Posted last week on Reddit, a 1950 rendering of San Francisco’s cityscape by Alexander Weygers, an urban designer and artist who doubled as an Aerospace engineer, captured the imagination and wit of a few redditors.
And indeed they do resemble the popular automatic roving vacuums. However, these circular doohickeys were actually conceived and christened by Weygers as Discopters. According to a site dedicated to Weygers, here is how the artist came up with his flying machines, which could’ve been but never were.
In 1945 America had just emerged from World War II. A conventional fixed wing aircraft was still the most sophisticated flying machine of the time. In the summer of that year, a ship engineer/sculptor named Alexander Weygers received confirmation of a patent for his 18 year old dream: "The Discopter." Two years before the term "flying saucer" was ever used, Weygers vision gave a glimpse into the future as compelling then as it is today. [...]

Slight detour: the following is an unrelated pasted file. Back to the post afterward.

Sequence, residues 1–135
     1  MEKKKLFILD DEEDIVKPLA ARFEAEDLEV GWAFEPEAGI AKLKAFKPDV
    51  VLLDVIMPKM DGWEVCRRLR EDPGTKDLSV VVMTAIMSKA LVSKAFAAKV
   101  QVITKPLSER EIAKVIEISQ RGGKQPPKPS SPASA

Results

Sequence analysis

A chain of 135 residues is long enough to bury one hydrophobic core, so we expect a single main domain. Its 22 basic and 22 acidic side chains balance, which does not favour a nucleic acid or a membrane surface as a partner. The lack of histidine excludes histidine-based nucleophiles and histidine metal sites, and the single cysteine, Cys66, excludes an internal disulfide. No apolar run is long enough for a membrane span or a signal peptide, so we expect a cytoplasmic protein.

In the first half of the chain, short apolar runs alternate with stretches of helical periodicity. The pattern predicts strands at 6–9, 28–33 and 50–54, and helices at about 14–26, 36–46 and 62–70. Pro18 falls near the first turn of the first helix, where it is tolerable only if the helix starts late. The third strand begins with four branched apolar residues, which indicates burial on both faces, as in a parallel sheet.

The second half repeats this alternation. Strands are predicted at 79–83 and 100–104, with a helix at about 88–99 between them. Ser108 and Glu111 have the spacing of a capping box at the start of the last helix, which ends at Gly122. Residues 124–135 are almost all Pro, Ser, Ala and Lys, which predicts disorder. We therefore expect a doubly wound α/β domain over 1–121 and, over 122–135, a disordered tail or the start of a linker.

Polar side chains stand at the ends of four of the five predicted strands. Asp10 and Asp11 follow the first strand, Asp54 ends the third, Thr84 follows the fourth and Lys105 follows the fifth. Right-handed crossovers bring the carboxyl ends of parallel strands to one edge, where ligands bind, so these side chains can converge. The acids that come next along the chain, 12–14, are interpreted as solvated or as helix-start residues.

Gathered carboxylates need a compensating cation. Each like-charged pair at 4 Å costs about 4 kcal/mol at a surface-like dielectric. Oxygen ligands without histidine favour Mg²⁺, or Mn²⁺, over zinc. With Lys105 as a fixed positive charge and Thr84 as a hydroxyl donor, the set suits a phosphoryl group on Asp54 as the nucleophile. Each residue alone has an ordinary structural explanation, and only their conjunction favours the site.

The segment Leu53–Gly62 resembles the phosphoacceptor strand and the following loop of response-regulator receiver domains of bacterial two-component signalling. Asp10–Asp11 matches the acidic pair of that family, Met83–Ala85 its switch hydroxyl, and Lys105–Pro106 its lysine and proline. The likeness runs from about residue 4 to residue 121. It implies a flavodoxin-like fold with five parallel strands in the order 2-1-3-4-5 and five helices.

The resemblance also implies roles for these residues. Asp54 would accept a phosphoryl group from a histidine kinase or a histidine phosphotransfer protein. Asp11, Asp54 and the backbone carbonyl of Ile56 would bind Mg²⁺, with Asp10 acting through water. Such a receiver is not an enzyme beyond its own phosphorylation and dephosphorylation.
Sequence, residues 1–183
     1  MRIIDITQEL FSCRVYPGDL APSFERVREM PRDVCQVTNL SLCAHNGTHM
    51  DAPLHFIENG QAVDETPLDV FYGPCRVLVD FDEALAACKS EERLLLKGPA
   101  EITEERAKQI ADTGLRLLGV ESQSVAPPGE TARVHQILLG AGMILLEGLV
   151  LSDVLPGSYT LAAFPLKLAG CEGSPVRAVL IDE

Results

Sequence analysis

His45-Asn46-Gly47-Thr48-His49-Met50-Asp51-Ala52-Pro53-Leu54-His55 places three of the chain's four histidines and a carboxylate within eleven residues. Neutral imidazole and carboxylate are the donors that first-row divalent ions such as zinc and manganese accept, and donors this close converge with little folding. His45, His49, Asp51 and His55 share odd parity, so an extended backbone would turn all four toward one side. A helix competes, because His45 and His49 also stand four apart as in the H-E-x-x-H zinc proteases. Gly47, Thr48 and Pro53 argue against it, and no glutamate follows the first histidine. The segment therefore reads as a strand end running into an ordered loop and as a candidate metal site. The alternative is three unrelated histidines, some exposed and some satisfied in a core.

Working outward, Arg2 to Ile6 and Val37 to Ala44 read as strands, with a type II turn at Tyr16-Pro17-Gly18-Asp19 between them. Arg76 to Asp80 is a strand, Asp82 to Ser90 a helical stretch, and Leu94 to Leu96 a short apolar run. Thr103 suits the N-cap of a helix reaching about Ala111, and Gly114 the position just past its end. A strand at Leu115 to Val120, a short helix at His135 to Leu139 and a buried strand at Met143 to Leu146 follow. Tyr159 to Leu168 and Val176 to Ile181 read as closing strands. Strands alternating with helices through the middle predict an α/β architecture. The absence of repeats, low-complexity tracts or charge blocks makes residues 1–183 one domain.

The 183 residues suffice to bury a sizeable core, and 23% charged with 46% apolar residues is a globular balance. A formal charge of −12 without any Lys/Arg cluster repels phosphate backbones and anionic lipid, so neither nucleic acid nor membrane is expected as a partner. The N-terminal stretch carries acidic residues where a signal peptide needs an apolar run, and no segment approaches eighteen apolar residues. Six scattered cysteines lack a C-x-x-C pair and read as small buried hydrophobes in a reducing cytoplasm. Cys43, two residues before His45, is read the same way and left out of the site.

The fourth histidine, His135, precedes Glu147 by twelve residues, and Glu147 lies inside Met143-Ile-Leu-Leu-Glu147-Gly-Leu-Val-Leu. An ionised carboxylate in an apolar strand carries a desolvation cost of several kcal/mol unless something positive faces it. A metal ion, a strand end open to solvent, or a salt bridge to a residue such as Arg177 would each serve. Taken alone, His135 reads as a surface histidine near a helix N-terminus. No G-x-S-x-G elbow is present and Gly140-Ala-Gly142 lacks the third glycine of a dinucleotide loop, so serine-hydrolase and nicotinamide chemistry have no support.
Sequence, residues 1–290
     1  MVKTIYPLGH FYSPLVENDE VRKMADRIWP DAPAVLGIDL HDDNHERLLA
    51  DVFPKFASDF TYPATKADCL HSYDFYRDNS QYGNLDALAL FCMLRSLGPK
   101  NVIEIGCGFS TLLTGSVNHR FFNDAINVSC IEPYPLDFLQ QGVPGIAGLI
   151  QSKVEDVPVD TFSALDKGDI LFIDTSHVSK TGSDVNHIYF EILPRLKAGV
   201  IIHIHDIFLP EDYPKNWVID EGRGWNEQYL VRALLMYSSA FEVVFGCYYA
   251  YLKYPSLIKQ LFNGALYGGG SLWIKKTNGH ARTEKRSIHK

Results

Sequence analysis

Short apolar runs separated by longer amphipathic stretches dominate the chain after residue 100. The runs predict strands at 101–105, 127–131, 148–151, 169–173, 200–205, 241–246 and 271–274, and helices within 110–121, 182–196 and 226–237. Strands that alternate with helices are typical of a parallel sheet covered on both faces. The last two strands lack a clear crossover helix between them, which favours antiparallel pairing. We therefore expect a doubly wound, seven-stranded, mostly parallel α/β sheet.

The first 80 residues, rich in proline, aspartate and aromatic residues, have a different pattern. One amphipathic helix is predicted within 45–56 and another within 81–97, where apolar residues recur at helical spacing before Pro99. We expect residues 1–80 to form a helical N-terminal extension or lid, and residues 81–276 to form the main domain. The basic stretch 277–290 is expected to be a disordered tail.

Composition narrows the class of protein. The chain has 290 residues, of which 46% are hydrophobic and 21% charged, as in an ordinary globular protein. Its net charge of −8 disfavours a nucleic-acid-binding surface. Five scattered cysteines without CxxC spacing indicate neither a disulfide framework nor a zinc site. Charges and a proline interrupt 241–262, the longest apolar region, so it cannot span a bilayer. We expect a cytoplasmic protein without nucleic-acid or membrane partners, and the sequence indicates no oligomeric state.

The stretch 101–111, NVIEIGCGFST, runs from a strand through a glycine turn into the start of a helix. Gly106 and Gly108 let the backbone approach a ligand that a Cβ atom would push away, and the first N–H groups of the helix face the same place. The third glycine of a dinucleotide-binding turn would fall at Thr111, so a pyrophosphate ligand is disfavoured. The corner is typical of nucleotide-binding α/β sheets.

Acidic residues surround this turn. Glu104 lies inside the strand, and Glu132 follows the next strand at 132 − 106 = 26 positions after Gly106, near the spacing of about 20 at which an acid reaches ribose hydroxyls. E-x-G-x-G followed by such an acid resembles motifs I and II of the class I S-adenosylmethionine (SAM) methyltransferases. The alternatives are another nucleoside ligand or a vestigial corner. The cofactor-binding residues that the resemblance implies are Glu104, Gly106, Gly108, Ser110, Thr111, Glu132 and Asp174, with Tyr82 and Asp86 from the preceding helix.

"They told me I was too far ahead of my time, but I thought an inventor always is, isn't he?... It must have been 1927 when the idea came to me. I was working as a draftsman and we had been talking about propellers. It seemed to me the helicopter was a unfinished piece of engineering. You cannot just lift it up. It must move as a pendulum, which makes it very limited in use."
-Alexander Weygers The Daily Review, August 9, 1985
And while this vision of San Francisco’s future never came to fruition—at least not yet—the upcoming Chase Center in Mission Bay does look a touch like one Weygers’ circular structures if you squint hard enough.
- Future San Francisco 1950 [Reddit]
- Ephemera [Mitch Wagner]
- Architect Stanley Saitowitz calls SF planners “obstructive,” others agree [Curbed SF]